ISLAMABAD -  Pakistan is set to present its case to the United States counting the country’s expenditures and sacrifices in the ongoing war against terror, sources said.

Senior officials at the foreign ministry told The Nation, that Foreign Minister Khawaja Asif would carry a record of several years with him when he meets his US counterpart Rex Tillerson in the coming days.

“We have given a response to President Donald Trump’s allegations already but we will provide them the details of our expenses and sacrifices once more so that they realise what we have gained and lost in this war,” said an official at the ministry.

He said Washington would also be briefed on India’s support for the terrorists in Afghanistan and its bid to create artificial uncertainty in Pakistan through intelligence operatives. Last month, Trump announced his policy for Afghanistan and South Asia and accused Islamabad of harbouring terrorists.

He also urged India to play a “bigger role” in Afghanistan.

“We can no longer be silent about Pakistan’s safe havens for terrorist organisations,” Trump said, while hinting to cut Pakistan’s financial aid.

At the conclusion of a three-day envoys’ conference here this week, Foreign Minister Khawaja Asif said Pakistan was undergoing a “seismic shift” and needed to find a “correct direction” without any delay.

“We have no time. Pakistan needs to change its direction swiftly. We are undergoing a seismic shift,” he maintained.

Amid the US pressure, Asif rushed to China to discuss Trump’s speech and the mention of some terror outfits - allegedly operating inside Pakistan - at the Brazil, Russia, India, China and South Africa summit in Xiamen with the “all-weather friend”.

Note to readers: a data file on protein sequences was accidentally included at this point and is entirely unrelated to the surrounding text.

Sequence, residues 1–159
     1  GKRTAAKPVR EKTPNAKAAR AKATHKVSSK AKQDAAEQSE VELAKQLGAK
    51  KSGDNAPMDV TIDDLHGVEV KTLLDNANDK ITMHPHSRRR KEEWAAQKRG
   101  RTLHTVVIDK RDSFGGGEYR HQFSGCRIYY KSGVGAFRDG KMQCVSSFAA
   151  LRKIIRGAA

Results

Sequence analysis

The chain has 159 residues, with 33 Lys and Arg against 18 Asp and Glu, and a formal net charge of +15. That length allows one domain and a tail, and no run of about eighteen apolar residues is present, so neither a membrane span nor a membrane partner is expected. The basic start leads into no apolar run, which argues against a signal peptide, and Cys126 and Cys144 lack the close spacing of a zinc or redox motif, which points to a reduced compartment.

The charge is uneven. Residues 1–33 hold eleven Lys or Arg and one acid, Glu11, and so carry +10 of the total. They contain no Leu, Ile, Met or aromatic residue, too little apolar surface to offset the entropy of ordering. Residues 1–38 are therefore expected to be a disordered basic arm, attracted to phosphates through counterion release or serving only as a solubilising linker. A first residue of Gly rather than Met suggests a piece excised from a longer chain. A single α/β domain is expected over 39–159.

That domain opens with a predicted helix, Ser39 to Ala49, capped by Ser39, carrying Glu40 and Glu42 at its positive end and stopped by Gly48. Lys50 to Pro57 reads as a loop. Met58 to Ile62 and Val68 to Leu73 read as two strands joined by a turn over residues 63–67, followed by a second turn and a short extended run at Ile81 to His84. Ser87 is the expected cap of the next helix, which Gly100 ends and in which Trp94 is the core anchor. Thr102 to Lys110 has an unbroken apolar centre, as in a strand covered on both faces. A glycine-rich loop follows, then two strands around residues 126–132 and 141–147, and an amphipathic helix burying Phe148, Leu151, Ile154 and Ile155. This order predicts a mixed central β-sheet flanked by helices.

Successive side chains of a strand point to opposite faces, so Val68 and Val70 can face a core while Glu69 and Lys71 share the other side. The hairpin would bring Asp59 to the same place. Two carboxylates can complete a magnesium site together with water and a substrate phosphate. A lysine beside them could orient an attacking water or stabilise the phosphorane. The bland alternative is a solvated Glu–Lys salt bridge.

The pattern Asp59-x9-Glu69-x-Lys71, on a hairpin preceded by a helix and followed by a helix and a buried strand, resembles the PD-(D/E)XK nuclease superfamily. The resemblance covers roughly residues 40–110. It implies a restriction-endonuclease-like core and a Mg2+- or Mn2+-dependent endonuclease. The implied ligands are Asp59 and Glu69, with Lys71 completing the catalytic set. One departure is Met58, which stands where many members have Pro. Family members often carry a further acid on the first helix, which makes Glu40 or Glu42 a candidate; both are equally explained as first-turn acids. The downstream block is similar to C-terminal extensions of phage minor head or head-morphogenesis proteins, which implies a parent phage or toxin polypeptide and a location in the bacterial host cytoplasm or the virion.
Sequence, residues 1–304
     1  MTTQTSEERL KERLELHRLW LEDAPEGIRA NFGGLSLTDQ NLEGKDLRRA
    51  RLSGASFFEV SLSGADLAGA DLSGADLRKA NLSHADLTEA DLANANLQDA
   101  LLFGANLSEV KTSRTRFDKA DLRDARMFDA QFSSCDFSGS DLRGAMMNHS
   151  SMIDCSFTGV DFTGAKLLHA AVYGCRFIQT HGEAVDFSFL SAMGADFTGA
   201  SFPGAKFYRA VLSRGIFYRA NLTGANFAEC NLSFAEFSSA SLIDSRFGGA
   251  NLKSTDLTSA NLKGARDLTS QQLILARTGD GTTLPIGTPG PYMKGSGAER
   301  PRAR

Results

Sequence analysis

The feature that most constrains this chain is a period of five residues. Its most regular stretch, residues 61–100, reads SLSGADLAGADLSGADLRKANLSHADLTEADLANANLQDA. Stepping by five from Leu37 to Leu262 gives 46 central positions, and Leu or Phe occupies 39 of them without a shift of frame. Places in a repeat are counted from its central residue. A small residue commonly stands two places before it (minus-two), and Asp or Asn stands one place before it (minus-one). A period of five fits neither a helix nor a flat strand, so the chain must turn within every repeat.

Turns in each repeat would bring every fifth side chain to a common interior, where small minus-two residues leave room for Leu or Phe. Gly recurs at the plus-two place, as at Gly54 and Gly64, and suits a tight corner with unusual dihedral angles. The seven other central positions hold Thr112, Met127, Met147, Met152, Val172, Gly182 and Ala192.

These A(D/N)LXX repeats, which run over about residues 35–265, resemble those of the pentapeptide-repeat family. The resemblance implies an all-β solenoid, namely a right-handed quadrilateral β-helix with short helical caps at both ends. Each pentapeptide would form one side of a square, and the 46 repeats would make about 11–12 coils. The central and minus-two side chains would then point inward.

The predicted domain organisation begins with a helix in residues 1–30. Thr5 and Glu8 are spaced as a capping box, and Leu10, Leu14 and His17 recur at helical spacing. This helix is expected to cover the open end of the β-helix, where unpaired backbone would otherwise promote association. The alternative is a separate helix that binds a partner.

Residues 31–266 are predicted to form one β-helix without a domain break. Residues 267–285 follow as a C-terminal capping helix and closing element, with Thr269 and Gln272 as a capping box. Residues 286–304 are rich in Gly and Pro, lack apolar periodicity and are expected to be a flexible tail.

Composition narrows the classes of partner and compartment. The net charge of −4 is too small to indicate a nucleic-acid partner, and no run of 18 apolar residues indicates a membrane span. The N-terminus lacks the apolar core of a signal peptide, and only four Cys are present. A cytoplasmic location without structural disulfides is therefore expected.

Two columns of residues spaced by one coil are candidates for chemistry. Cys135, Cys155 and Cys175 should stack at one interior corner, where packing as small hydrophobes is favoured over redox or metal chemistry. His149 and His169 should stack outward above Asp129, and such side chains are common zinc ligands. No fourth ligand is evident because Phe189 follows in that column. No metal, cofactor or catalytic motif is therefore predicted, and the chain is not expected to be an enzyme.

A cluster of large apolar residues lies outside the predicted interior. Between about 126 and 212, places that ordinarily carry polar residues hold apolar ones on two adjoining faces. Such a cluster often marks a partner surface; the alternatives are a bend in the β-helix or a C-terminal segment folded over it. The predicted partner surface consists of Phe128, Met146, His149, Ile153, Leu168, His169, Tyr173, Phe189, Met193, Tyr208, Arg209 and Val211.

The foreign minister will also visit Russia, Iran and Turkey before joining Prime Minister Shahid Khaqan Abbasi for the United Nations General Assembly (UNGA).

On Friday, Khawaja Asif held a meeting with his Chinese counterpart Wang Yi.

Addressing a joint news conference later, he reiterated “unconditional support” for China on regional and international issues.

He said Pakistan supported a political solution to the Afghanistan quagmire.

Asif insisted there was no military solution to the Afghanistan crisis as envisioned by President Trump.

Wang Yi said Pakistan and China backed each other and there would be a trilateral meeting of Pakistan, Afghanistan and Chinese foreign ministers soon in Beijing to discuss the Afghan issue.

Another official at the foreign ministry said Pakistan did not want confrontation with the US but would present Islamabad’s case effectively.

“We will share the details of our losses and India’s backing of the terrorists on the Afghan side of the border,” he told The Nation. The official said Prime Minister Abbasi’s speech at the UNGA would also mention the Afghan issue, Pakistan’s role in the war on terror, Rohingya Muslims’ plight, the Kashmir issue and India’s interference in Pakistan.

Defence analyst Major-General Ijaz Awan (retired) said that Pakistan should have presented its achievements in the war on terror in a better way.

“We needed to project our achievements. Unfortunately, we could not do so. But we cannot walk away from the US due to Trump’s speech. Both the countries need to remove the misunderstandings,” he said. General Awan said instead of blaming Pakistan, the world should stop India from destabilising Pakistan.  International affairs expert Dr Pervaiz Iqbal Cheema said that Pakistan had suffered huge losses in the war on terror and Trump’s allegations were uncalled for.

He said Trump’s statement was hard to digest when the whole world was appreciating Pakistan’s success in the anti-terror campaign.

“Pakistan should remove the misunderstandings with the US and adopt a balanced policy. We should present our cases forcefully,” Cheema said.